DAILY MARKET REPORTS
- U.S. stocks were little changed Wednesday, wobbling as analysts looked ahead to an update on global trade policy and Friday’s jobs report.
- The OECD cut global forecasts for growth yet again on Wednesday, after a previous downgrade in November, citing continued trade disputes and increasing uncertainty over the state of Brexit scheduled for the end of this month.
- Figures Wednesday showed the U.S. posted its widest monthly trade gap since 2008 in December and a record annual deficit in goods as sturdy economic growth underpinned higher spending by American consumers and businesses.
- The U.S. private sector added 183,000 jobs in February, although the gains were smaller than expected as job creation slowed from a strong performance in January, the latest ADP report showed Wednesday.
- General Electric shares tumbled 4.08%, extending losses from a day earlier, after it warned of a negative net cash flow from its industrial businesses this year.
- Dollar Tree advanced 3.30%, the most on the consumer discretionary sector, after the discount store operator reported better-than-expected quarterly same-store sales.
US FINANCIAL MARKET
OECD Cuts Global Outlook Again and Warns Worse May Be Ahead
- The OECD cut forecasts again for the global economy in 2019 and 2020, following on from previous downgrades in November, as it warned that trade disputes and uncertainty over Brexit would hit world commerce and businesses.
- The Organization for Economic Co-Operation & Development forecast in its interim outlook report that the world economy would grow 3.3% in 2019 and 3.4% in 2020.
- Those forecasts represented cuts of 0.2 percentage points for 2019 and 0.1 percentage points for 2020, compared to the OECD’s last set of forecasts in November.
- For Germany, Europe’s largest economy, the OECD more than halved its 2019 GDP growth forecast to 0.7% from 1.6% previously. It predicted a light recovery to 1.1% growth in 2020.
Dollar Tree to Close or Rebrand Nearly 600 Family Dollar Stores
- Dollar Tree reported better-than-expected quarterly same-store sales, as it drew more customers to its namesake stores and had the best growth in sales at its struggling Family Dollar business in the fiscal year.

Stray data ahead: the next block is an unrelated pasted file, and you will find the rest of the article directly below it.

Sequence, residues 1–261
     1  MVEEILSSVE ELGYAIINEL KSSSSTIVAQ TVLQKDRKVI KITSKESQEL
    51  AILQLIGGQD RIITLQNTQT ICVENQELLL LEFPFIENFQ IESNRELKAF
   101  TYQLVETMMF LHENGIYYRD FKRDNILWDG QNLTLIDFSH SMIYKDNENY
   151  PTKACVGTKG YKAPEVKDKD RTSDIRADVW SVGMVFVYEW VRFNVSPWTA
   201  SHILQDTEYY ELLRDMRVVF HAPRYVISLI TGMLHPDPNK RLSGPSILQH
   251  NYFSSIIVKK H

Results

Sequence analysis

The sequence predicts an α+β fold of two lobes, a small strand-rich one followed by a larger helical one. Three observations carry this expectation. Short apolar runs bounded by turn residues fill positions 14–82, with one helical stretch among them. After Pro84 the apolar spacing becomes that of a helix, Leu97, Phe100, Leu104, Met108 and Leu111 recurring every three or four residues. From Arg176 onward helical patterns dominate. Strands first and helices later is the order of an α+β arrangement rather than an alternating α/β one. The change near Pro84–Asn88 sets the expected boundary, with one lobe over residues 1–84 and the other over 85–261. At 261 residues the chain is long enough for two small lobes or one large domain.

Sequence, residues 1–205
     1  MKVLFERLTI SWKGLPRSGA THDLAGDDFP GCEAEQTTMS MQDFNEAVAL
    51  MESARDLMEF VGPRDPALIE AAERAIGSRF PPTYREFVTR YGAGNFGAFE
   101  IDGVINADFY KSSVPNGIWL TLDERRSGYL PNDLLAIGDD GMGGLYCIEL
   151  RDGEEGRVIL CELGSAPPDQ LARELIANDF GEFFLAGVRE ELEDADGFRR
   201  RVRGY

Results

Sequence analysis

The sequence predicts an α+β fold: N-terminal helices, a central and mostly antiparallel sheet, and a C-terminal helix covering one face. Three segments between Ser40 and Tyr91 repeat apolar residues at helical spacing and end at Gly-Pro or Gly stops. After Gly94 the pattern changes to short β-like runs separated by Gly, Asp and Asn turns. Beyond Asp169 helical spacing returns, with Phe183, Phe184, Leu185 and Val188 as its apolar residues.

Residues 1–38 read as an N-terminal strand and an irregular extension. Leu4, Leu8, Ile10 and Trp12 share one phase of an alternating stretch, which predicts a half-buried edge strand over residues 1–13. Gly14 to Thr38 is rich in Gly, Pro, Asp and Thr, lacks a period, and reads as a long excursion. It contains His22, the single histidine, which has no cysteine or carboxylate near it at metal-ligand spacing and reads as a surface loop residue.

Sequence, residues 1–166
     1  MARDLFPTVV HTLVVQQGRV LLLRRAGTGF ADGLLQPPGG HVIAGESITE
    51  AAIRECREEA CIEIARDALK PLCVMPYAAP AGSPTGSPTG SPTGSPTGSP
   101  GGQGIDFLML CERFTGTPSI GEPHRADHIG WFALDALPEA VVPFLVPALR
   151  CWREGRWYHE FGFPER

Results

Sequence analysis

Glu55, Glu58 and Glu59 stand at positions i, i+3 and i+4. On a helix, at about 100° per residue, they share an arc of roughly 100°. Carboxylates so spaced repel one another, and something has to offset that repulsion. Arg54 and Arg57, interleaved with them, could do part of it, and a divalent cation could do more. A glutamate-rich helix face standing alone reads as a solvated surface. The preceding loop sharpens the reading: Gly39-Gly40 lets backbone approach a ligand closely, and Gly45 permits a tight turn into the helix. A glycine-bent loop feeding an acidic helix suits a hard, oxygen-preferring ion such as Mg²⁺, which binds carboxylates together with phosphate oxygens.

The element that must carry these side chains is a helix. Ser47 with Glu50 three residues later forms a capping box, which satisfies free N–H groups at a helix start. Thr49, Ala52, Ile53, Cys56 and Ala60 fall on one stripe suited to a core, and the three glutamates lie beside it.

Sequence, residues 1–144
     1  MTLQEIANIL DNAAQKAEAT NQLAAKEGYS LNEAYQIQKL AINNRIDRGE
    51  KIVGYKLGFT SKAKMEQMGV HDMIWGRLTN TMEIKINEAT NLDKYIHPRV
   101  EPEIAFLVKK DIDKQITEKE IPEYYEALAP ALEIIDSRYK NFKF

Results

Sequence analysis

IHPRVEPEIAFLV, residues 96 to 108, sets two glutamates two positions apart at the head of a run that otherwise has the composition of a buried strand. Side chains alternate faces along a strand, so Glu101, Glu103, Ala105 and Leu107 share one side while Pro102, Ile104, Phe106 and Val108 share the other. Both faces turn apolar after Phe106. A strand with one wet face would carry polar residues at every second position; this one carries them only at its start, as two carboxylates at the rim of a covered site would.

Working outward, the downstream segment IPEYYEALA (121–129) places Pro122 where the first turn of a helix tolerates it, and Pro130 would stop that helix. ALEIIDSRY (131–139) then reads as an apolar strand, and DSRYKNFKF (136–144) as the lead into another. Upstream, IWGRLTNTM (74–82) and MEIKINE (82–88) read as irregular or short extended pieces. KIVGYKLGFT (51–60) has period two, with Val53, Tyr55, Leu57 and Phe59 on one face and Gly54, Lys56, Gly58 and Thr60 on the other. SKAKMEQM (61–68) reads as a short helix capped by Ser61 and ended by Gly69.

- Net sales fell to $6.21 billion from $6.36 billion, but beat analysts’ estimate of $6.19 billion.
- Same-store sales rose 3.2% at the Dollar Tree brand, while sales at stores open at least a year under the Family Dollar banner increased 1.4%, the highest increase since 2017 but still a drag on Dollar Tree’s overall sales.
- Analysts had expected same-store sales at Family Dollar and the namesake brand to rise by 0.08% and 2.94%, respectively.
- The company reported a net loss of $2.31 billion, compared to a profit of $1.04 billion a year earlier, as the retailer recorded a $2.73 billion goodwill impairment charge related to Family Dollar business.
- Dollar Tree, which has been under pressure from activist investor Starboard Value to sell its underperforming Family Dollar business, announced on Wednesday it would close about 390 Family Dollar stores.
Abercrombie predicts strong 2019 sales, shares surge
- Abercrombie & Fitch predicted annual sales above Wall Street forecasts on Wednesday, as new store designs and a broader selection of apparel resonate better with shoppers.
- Fourth-quarter revenue fell 3% to $1.16 billion, but exceeded forecasts of $1.13 billion, led by a 1% rise in sales at Hollister.
- Sales at Abercrombie & Fitch stores open for at least a year rose 3%, about twice the 1.47% increase analysts had expected.
- Net income increased to $98.4 million in the fourth quarter, compared to $75.5 million in the same period a year ago, well above estimates on a per share basis.
- Net sales in 2019 should range between $3.66 billion and $3.73 billion, the company said, comfortably above Wall Street expectations of $3.61 billion.
GE’s CEO warns of negative industrial cash flow in 2019, shares drop